Monday, June 25, 2007

Scottish Highland Games

This Saturday and Sunday the annual San Diego Scottish Highland Games were held in Vista, about a half hour north of here. The weather was fantastic, sunny and 75 degrees. The games were in Brengle Terrace Park, which is hilly, grassy and very large, which was important because there were a lot of people there! I've never seen so many kilt-clad men in one place, ever. I approve! There were vendors for all things Scottish -- tartans, kilts and kilt pins, shortbread, and Celtic jewelry, artwork and music. Of course there were lots of food booths and a beer garden.

The caber toss involves balancing a large pole and tossing it in an attempt to flip and land the opposite end at a 45-degree angle. The poles are pretty much the size of telephone poles -- 19 feet long and weighing about 125 pounds. This little video shows a successful caber toss.

We spent most of our time hanging out under the shade of the pop-up tent, watching the sheepdog trials with Anna (blue hat), Danielle (young), and Ross and his wife and a few friends. Danielle had her dog Chesney, Anna had brought Riddle, Tikkle, and Alli, and Ross had Cross and Finn. We left Daisy at home this time, since we are too much the newbies to enter the trial.

We enjoyed watching all the kilt-clad men walk by, young and old.

The Sheepdog Trials really were fascinating. It was the first trial for Danielle and her dog Chesney, who train with Anna in Valley Center where I go with Daisy. They did very well, as this slide show depicts.

The sheep knew that if they ran up the hill to the left in the pictures, they'd get to the exhaust pen and be able to rejoin the rest of their sheep friends. They were very motivated to do this, and more dogs lost their sheep than not.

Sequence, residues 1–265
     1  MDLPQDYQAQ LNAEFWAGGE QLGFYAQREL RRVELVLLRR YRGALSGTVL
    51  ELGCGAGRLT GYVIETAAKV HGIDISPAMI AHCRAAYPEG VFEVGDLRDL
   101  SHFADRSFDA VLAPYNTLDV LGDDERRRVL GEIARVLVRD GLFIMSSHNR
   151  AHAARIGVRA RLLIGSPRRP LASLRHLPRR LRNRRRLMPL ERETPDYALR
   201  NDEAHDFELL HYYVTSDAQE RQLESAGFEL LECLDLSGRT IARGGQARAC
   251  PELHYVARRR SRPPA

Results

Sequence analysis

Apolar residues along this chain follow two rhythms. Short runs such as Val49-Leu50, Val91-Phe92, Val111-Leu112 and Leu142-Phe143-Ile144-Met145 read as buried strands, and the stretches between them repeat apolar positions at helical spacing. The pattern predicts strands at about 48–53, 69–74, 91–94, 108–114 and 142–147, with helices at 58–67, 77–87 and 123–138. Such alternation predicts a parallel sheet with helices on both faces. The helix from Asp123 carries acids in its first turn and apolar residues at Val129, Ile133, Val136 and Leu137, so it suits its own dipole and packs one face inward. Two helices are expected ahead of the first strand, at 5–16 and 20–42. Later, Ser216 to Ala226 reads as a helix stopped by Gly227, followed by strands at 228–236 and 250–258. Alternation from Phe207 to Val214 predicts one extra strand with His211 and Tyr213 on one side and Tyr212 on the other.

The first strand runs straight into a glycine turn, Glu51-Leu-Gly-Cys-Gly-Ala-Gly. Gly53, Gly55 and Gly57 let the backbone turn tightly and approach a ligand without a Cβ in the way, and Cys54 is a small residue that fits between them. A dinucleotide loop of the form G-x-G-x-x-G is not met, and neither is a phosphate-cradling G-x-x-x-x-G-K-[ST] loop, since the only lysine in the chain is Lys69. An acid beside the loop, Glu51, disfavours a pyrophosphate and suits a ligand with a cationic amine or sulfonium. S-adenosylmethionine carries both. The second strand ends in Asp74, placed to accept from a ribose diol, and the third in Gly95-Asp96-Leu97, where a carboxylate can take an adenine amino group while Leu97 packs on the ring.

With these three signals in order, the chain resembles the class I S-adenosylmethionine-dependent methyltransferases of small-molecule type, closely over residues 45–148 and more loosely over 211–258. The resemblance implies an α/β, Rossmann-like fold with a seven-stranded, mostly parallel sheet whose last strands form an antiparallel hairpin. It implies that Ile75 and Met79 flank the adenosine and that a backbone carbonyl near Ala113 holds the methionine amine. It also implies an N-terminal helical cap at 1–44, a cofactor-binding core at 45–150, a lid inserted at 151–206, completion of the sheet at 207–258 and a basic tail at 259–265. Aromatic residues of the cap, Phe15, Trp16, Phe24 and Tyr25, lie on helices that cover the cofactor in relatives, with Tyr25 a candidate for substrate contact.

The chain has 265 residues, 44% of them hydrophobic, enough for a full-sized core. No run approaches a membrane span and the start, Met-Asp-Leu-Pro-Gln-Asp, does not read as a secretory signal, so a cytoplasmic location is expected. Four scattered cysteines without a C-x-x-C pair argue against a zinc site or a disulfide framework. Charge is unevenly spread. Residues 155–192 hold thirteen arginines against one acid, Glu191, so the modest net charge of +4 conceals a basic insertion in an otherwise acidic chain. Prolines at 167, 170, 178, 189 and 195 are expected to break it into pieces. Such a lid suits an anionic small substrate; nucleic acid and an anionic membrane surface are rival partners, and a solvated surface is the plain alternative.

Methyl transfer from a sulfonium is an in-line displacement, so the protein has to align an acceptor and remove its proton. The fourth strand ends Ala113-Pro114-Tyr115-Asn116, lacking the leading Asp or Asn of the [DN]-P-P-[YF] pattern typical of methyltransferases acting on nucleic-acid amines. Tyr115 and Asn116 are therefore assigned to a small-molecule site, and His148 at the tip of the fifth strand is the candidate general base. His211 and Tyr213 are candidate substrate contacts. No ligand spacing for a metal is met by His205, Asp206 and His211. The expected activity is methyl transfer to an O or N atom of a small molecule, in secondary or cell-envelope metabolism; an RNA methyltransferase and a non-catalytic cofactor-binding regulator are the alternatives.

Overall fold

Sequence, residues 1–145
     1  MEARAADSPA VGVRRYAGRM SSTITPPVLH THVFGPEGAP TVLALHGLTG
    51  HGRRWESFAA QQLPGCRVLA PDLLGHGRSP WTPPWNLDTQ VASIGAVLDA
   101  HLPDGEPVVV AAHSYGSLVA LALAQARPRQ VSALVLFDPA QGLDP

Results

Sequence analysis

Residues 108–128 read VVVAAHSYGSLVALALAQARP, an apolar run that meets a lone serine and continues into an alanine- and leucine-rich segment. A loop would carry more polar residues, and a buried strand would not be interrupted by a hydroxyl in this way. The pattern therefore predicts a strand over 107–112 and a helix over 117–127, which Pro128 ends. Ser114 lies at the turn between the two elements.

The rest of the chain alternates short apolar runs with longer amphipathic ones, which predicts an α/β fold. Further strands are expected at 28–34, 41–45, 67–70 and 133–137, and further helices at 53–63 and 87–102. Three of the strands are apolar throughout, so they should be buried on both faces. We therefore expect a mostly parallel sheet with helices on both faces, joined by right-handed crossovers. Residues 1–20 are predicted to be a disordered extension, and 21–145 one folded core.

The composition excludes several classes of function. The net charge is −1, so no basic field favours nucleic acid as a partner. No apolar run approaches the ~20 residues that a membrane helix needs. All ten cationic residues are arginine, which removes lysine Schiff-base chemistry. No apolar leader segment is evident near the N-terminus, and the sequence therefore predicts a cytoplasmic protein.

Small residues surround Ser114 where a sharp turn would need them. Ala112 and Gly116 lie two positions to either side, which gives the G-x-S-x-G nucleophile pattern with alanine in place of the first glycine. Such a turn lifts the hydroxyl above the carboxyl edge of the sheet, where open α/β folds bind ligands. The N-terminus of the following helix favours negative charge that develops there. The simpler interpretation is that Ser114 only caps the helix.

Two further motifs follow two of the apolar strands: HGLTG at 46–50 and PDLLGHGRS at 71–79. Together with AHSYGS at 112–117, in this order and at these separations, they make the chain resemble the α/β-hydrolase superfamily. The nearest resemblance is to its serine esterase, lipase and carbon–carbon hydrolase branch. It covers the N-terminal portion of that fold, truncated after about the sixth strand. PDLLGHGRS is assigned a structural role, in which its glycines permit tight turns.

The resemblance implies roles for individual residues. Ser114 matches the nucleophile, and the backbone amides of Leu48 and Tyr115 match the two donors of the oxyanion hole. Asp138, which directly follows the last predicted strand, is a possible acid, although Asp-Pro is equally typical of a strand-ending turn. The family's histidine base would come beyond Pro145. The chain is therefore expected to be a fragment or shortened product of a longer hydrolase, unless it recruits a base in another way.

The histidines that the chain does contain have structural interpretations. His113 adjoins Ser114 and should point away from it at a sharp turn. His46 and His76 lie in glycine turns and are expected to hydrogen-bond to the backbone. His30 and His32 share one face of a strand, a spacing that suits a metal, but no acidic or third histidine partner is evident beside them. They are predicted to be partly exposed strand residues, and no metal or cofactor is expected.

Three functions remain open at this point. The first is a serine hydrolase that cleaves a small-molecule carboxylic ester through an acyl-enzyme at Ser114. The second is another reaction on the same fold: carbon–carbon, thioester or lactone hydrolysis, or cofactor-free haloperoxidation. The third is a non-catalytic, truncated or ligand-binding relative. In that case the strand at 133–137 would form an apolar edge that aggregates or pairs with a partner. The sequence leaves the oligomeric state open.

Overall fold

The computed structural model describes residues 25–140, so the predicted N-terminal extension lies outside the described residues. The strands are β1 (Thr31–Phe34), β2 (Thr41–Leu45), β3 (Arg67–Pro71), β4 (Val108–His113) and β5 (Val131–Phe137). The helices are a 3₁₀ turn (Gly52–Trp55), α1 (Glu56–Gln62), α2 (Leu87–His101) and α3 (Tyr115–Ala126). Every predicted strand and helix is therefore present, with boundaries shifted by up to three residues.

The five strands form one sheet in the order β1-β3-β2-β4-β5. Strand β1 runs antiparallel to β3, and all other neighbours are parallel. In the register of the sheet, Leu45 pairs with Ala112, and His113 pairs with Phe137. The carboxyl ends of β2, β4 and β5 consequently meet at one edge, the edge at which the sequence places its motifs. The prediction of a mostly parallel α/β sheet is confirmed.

Red Dog (aka Finn) is desperately trying not to lose this sheep. Meanwhile his other two sheep are free to make a break for it.

More pictures of the the games and the dogs are posted at the Border Collie Boards.

I love Celtic music, and there were always bands playing at two venues, as well as the bagpiping, drumming, and highland dancing contests. The band Molly's Revenge played in the beer garden while we ate lunch. They were wild! We all agreed that, in fact, a wild look goes well with a kilt. We saw several kilt-wearers who sported mohawk haircuts, and it was definitely a good look.

Monday, June 18, 2007

Beyond the Pier

We can't get enough of the low tides! "Daisy, Dog of the Sea" and I spent almost two hours on the beach this morning. I love the grey skies and cool temperatures of early morning. The crowds choose the afternoon, but give me the morning, and the earlier the better.
We met many dog and human friends this morning. Kima, a nice young boxer girl, has gotten to know Daisy and her Border Collie obsessiveness. She tolerates Daisy's ball fetish very well. Check out her red toenail polish!

In fact, all the beach dogs get to know about Daisy. They'll run with her, but they know better than to touch her beloved Penn. Now what I would really like to know is how do you photograph a dog with black fur and brown eyes? I mean, so that it doesn't look like an eyeless dog?

Sunday, June 17, 2007

Walkin' the Dog

We follow our tide calendar avidly, never missing a good low tide morning at the Shores. Out the door at 6AM, with the very minimum amount of bush-sniffing, since we know we're heading directly to the beach. We know that because the human is carrying a ball-chucker and in her pocket are Floppy and Penn. The early summer mornings at Kellogg Park belong to the seagulls. It's their favorite, favorite time. Do they swoop gracefully through the sky, dropping to the sea to snatch up a silvery fish? Well, nooo....